In Secrecy, Farmworkers Share Their Stories | Civil Eats

In Secrecy, Farmworkers Share Their Stories

As Thanksgiving nears, and we turn our collective attention to the food we will be putting on the table, I have been thinking a great deal about a group of farmworkers I met earlier this month. As part of a Symposium on Food Systems and Sustainability, I had the opportunity to travel with a small group of students, professors, and advocates to Knights Landing, an unincorporated community northwest of Sacramento. There, in a community center normally dedicated to child care, language classes, and basic clinical services, we sat down with around a dozen men and women, who engage in the most labor-intensive piece of California’s agricultural puzzle.

The day’s events were the product of a collaboration between the Agricultural Sustainability Institute at UC Davis (which was hosting the symposium), the California Rural Legal Assistance (CRLA), and the student-led Real Food Challenge, and it began with a tour of various farmworker housing sites in the area. We visited an orderly state-sanctioned worker camp reminiscent of a World War Two internment camp without the barbed wire, and a barrack-style building that might have been home to five to six families in an average town, but in fact often housed up to 100 single men. After the tour, we landed in a room of Spanish speaking workers and their young children.

The majority of workers present were women, so it did not come as a surprise that the conversation moved from commonly discussed issues surrounding farm labor (the paltry wages, dangerous working conditions, and fear-laden environments), to something much more precise and difficult to hear about: sexual harassment and abuse.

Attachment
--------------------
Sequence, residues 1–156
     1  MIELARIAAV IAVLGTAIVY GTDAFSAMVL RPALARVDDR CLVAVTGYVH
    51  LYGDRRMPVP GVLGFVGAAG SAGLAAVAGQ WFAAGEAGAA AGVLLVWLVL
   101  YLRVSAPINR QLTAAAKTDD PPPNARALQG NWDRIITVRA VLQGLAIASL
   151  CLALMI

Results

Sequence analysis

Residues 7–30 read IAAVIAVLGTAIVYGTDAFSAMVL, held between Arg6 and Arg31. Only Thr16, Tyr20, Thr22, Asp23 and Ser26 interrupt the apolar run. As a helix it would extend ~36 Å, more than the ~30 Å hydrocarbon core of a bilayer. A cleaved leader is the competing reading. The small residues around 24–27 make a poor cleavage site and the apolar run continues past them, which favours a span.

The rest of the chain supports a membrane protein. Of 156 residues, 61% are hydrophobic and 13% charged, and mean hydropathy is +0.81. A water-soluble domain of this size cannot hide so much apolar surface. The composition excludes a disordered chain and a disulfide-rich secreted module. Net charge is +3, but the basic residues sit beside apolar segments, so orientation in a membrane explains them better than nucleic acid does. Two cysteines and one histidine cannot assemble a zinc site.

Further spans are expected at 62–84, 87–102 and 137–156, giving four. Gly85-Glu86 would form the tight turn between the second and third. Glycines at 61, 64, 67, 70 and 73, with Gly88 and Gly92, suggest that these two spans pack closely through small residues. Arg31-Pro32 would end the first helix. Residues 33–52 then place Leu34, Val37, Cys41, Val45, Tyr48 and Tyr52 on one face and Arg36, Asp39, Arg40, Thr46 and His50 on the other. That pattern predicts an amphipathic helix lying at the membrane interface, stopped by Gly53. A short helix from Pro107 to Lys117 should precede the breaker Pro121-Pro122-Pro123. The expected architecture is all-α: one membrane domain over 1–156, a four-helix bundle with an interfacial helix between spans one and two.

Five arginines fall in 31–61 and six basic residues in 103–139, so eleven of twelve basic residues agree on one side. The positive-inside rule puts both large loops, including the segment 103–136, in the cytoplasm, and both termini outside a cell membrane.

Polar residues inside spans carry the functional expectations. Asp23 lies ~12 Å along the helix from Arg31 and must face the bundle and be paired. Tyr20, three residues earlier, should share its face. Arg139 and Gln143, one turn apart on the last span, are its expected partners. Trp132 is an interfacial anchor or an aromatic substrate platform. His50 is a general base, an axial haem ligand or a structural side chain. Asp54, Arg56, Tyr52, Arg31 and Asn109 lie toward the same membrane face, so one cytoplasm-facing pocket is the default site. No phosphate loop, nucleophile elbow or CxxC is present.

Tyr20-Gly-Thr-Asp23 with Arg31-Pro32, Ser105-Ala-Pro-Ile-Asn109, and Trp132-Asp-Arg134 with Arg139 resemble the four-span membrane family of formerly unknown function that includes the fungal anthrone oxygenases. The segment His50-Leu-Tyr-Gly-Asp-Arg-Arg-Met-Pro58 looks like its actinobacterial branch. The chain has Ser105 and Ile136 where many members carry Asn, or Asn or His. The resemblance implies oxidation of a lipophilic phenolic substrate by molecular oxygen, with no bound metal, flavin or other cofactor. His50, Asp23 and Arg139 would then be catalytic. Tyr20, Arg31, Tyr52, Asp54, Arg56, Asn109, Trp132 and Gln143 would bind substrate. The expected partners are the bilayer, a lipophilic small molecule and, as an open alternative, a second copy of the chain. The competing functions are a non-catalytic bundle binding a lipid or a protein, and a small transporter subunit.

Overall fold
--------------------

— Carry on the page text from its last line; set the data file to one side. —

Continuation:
What followed were stories of blacked out office windows, trucks used for sexual coercion, and managers who made lists of the prettiest and youngest women workers and hired accordingly. Many women, it was explained, must walk the delicate line of being perceived as attractive enough to get hired, but not so attractive as to be the target of unwanted advances. “The bandanas we wear are not just to protect us from the sun,” said one farmworker-turned CRLA employee, named Juanita. “We wear hats, sunglasses, and big clothes so we won’t attract attention to ourselves.”

“Right now there isn’t much work,” said one woman, “so workers have to ‘pay’ to get hired.”

“I had a friend with a baby, she worked in the tomato fields,” added another woman. “Her manager would come knocking on her door at midnight. Single moms are especially vulnerable.”

We heard about a support group that CRLA had formed for women who work in the fields, and about a national effort called the bandana project, which collects bandanas with artwork made by farmworker women, who are survivors of sexual violence. These efforts to put a voice to the problem are important because the broader cultural climate often keeps women silent.

As one of the few young men in the group put it: “If a woman is married and is abused or assaulted, her husband is likely to say she provoked it, so she’ll be afraid to come forward and make her husband upset.”

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The vast majority of these women are undocumented, a fact that can leave them profoundly disempowered (the official estimate says that between 50 and 60 percent of farmworkers are living in the country without documentation, but the lawyers at CRLA say it’s likely closer to 90 percent). Nearly everyone in the room said the same thing: complaining or reporting a manager’s inappropriate or violent behavior only tends to result in a loss of work. As a matter of fact, if the managers–or “majordomo”–found out these men and women were at the community center speaking with us, they might never get work again.

California has the strongest laws protecting agriculture workers in the US, the CRLA lawyers reminded us. But, thanks in part to the farm labor contracting system, many large farm owners and marketers avoid hiring workers directly. The result is accountability that is vague at best, nonexistent at worst. As the workers that day said: “there might be laws in the books, there are no laws in the fields.”